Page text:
Trillium Book Awards Author Reading 2015

Coming of Age

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Coming of age stories captivate me. There seems to be a defining moment that marks the transition from girl to woman; from boy to man. And this moment has nothing to do with menstruation or bar mitzvahs. It has to do with knowledge and the action one takes to gain that knowledge. Like Eve with the apple, that moment is a realization that you are both more and less than you thought you were; that time is passing; that all will change. And that moment is connected to the beast in us all – like childbirth and sex and death, it is real and often bloody.

The following is a monologue I wrote for a modern day Gilgamesh but it hasn’t yet fit into the play. I hate it when things I write won’t fit into the play they have been written for.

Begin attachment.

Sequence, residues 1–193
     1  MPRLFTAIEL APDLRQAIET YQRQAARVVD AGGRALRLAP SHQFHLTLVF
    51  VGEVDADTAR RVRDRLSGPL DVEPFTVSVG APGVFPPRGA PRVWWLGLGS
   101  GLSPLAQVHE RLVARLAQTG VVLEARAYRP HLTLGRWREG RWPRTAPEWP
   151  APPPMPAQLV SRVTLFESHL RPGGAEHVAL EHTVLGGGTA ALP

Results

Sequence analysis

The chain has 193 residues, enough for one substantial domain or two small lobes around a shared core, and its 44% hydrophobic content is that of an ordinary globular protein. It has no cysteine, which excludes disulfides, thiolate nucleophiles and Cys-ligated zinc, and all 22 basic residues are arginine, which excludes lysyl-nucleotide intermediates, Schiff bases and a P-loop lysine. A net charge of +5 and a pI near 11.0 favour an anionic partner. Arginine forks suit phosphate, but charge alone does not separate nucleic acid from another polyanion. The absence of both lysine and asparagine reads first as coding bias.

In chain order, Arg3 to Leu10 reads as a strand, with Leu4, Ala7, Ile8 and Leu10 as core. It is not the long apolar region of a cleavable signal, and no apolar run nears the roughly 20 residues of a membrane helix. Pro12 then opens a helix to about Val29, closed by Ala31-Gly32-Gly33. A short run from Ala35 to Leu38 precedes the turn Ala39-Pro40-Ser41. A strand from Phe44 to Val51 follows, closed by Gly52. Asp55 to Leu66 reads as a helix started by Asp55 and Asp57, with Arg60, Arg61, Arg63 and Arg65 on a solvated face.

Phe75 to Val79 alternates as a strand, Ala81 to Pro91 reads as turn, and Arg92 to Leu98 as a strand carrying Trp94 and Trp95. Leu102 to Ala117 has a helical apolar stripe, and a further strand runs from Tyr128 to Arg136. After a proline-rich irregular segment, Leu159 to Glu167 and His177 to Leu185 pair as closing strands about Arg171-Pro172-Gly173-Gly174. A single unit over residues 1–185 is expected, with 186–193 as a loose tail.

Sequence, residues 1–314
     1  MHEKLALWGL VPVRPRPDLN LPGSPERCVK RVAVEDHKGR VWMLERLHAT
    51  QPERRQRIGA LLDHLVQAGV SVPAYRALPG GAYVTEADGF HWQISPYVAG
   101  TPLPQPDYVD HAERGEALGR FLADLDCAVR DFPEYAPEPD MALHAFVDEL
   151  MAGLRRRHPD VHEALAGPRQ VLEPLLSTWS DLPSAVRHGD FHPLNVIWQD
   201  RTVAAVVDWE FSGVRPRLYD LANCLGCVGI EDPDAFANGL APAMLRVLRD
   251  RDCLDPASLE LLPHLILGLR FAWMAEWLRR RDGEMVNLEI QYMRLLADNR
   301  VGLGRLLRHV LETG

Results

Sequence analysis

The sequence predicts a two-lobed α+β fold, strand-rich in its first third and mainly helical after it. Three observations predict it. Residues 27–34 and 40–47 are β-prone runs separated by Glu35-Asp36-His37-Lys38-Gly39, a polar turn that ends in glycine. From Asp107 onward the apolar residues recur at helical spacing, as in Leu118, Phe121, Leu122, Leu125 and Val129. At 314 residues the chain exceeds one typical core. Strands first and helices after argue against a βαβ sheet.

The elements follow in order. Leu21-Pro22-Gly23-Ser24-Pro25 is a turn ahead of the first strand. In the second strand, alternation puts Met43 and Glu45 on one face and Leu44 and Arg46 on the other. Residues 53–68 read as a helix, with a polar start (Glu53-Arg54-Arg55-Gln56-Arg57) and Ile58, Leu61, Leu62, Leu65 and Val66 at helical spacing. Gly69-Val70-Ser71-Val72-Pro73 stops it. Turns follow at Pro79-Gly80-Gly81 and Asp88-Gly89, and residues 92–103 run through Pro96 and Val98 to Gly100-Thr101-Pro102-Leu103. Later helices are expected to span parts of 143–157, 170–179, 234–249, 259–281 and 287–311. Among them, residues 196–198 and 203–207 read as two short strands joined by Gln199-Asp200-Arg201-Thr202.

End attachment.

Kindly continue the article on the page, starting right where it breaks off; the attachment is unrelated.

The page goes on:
I must have been nine or ten.
My parents were out at some party or other
and a teenaged girl was babysitting.
She wasn’t a particularly nice girl –
wanted us in bed as soon as possible
and turned on the TV as soon as my parents left.
My little brother and I would try to get her attention
by leaping around the room with plastic guns and swords.

- stop it! (she’d say) you’re so immature

And we’d laugh and then she’d bribe us
with sweets to leave her alone
but the smell of her did something to me.
When I sat beside her on the couch.
I remember the smell of that girl:
sweet – vanilla, maybe,
some sort of perfume,
something fabricated,
something fresh to cover up her real smell.
The smell of skin and scalp and oil and privacy.
Under that sweet, made-up smell,
I could smell her privacy.

So my brother and I were in bed that night
and I must have just drifted off
but I was asleep – I remember – I was asleep